In order to see what is actually causing the error you will need to log in to the management server via SSH. Go in to “expert mode” and look at what is on the line that the error message is pointing at.

So basically, to fix the issue in my case/work around, I did the following:

  1. Logged in to the security management server in expert mode
  2. Opened up the policy file from the place it was complaining about with the less command. (Hints on how to go to a specific line can be found stackoverflow topic here)
  3. In my case on that specific line I saw a list of DPD(dead peer detection for IPSec VPN) peers which hinted that I should try and disable DPD
  4. Logged in to the management server using smart dashboard, removed permanent tunnel ticks on VPN’s relating to the GW cluster with the issue and tried installing the policy.
  5. Policy successfully installed..

After that I reported the bug to Check Point support and they confirmed the issue..

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Enabling DPD on VPN instead of tunnel_test on R77 gateway

To keep VPN tunnels alive Check Point uses by default it’s proprietary tunnel_test protocol. In order to get it working with 3rd party vendors it isn’t enough to have the partner device set as an “Interoperable device” and set the tunnel keep alive method on your gateway object as DPD. You also need to set the peer gateway’s tunnel keep alive method as DPD, because by default it is still set to tunnel_test.

To change the keep alive methods you need to do the following as described on Check Point’s website here:

  1. In GuiDBedit, go to Network Objects > network_objects > <gateway> > VPN > tunnel_keepalive_method.
  2. For the Value, select a permanent tunnel mode.
  3. Save.
  4. Install policy on the gateways.

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ConfigSync issue upon resource pool member IP address change

Well as it turn’s out changing a node’s IP address in clustered environments doesn’t go that smoothly as one would expect. Not only that, F5 have made a annoyingly complex procedure of something that simple as changing one back end servers IP address. What I mean by that is, that in order to change the IP address of a node you actually have to delete the node and then re-create it. But when you have one node running a ton of services on different ports and is a part of a large amount of resource pools, etc you have to remove it from all of the resource pools before you can delete it. And then after creating the node again you have have to put it back in the pools you need it to be in.

As it turns out in a clustered environment when you do the aforementioned procedure and then try to sync the cluster member settings manually it will fail with an error message saying something like this:

0107003c:3: Invalid pool member modification. An IP address change from (192.168.1.1) to (192.168.1.2) is not supported.

So in order to avoid that error you need to sync the devices after you have finished all the deletion steps of the node and after you have done the config sync you may proceed with the creation of the node on the new IP address.

If you are already in the state where it is refusing to sync, well what helps is deleting the troublesome node on the secondary device also and then performing the config sync.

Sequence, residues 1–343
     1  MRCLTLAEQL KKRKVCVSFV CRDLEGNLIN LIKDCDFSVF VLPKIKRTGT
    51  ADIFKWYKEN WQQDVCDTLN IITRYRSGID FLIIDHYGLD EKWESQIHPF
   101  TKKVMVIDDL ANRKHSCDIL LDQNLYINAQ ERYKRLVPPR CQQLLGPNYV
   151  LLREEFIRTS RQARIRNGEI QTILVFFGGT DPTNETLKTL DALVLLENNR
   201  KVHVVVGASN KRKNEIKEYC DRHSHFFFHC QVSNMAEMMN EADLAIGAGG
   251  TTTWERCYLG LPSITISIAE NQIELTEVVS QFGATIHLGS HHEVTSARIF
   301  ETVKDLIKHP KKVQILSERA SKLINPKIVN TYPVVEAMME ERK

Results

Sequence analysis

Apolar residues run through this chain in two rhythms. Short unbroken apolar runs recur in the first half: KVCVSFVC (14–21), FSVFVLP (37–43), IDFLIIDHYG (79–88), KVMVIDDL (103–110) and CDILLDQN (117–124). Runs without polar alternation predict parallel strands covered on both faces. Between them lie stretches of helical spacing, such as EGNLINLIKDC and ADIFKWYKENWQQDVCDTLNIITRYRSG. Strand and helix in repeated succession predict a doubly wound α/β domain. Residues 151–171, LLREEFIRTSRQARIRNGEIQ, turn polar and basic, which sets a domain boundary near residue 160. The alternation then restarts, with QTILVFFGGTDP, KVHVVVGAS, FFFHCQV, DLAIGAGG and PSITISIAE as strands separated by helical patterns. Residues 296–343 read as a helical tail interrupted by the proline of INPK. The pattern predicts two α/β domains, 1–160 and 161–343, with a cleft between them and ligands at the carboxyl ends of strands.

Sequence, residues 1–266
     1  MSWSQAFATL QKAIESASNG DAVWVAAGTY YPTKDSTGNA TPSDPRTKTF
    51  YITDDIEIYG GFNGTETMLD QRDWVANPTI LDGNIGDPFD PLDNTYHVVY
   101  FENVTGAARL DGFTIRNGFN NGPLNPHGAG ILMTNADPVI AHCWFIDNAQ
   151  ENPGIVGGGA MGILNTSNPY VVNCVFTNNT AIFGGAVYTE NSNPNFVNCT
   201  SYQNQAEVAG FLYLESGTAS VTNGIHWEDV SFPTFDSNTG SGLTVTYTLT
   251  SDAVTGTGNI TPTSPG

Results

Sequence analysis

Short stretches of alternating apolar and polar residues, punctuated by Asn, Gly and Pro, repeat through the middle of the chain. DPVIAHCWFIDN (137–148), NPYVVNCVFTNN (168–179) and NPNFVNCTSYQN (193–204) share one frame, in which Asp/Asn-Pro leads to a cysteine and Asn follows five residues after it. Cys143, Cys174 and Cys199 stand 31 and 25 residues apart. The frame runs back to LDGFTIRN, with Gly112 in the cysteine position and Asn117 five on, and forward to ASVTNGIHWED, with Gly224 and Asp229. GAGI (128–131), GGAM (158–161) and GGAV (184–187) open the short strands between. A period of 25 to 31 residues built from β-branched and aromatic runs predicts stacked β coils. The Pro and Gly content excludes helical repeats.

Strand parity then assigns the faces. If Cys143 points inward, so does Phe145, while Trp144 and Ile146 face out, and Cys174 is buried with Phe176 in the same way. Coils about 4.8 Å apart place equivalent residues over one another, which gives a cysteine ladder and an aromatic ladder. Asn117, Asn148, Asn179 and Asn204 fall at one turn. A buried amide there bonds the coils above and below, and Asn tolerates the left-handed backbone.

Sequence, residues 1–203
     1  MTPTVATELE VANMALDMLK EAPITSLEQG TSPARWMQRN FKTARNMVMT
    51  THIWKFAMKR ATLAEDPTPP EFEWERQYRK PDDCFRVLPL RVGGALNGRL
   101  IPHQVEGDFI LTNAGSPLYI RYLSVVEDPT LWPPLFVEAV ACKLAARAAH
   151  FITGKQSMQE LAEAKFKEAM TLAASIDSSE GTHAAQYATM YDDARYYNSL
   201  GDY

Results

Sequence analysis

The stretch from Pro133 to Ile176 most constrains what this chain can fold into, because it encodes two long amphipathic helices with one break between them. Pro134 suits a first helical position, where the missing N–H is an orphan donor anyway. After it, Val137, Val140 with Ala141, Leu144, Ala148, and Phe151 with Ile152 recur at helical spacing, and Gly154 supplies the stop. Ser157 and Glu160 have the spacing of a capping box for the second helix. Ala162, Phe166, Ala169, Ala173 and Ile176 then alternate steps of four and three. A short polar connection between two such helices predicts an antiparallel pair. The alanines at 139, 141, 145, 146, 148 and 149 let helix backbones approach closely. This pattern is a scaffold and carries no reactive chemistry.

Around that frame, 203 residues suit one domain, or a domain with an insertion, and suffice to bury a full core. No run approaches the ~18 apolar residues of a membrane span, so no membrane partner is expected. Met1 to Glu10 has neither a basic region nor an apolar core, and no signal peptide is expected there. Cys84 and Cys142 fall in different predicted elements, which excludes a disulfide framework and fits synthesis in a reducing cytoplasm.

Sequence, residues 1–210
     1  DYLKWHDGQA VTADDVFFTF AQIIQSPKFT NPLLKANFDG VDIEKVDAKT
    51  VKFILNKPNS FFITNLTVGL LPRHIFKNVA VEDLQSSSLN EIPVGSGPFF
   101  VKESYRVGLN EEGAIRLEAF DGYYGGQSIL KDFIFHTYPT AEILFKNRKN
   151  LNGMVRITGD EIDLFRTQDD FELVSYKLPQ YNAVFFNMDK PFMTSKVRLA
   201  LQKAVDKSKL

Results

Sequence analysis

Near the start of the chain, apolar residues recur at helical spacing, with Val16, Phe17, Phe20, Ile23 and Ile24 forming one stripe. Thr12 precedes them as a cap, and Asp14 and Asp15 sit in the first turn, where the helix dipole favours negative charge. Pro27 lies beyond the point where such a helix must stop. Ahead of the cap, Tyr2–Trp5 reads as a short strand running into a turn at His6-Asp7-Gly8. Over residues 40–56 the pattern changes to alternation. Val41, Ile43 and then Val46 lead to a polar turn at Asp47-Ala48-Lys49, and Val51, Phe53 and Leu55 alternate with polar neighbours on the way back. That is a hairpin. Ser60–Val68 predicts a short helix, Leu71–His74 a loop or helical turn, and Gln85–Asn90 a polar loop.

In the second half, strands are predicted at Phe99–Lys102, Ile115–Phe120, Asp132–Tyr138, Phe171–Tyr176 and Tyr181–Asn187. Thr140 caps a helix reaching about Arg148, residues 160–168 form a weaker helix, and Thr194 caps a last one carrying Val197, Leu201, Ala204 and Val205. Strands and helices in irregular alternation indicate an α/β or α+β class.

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Check Point IPS signature updates through URL filtering blade with HTTPS inspection enabled

According to Check Point’s documentation you should let your SMS and Smart Dashboard clients get access to the internet freely without actually intercepting the traffic it self. There might be some cases where you wouldn’t like that idea too much and might still want to inspect it to restrict HTTPS connectivity of those hosts. After a bit of messing about, I managed to get IPS signature update through URL filtering working.

Basically when you try and update IPS signatures or have your Smart Dashboard try and connect to Check Point via URL filtering it will fail with errors relating to the certificates. In other words if you have followed the regular Check Point guidelines on setting up “App control/URL filter” and set the system to trust your gateway’s Certificate Authority, it will still fail. The reason behind it being the fact that Smart Dashboard client uses it’s own trust list not the system wide certificate store. The trust list file is located in “C:\Program Files (x86)\CheckPoint\SmartConsole\R77.30\PROGRAM\ca-bundle.crt” and when you add your own gateway’s CA certificate there after you have already started Smart Dashboard it will work until you restart Smart Dashboard. As I found out that file is actually being downloaded off the SMS every time Smart Dashboard starts up.

Fortunately the filename on the SMS is actually the same as it is in the SmartDashboard folder so when running the standard linux find command you see that there are quite a few instances of it:

/opt/CPsuite-R77/fw1/bin/ca-bundle.crt
/opt/CPinfo-10/bin/data/ca-bundle.crt
/opt/CPcvpn-R77/var/ssl/ca-bundle.crt
/opt/CPcvpn-R77/template/var/ssl/ca-bundle.crt
/opt/CPshrd-R77/database/downloads/CA_BUNDLE/1.0/1.0/ca-bundle.crt
/var/opt/CPsuite-R77/fw1/conf/SMC_Files/asm/ca-bundle.crt
/var/opt/CPshrd-R77/conf/ca-bundle.crt

Now make a backup of /var/opt/CPsuite-R77/fw1/conf/SMC_Files/asm/ca-bundle.crt and /var/opt/CPshrd-R77/conf/ca-bundle.crt files and your gateway’s CA certificate in PEM format to the end. After doing that restart Smart Dashboard and check if the ca-bundle file has your CA certificate in it and if communication to Check Point actually works.

Just as a reminder, the URL’s that need to be enabled for IPS signature to work can be found on CP support site here: https://supportcenter.checkpoint.com/supportcenter/portal?eventSubmit_doGoviewsolutiondetails=&solutionid=sk112635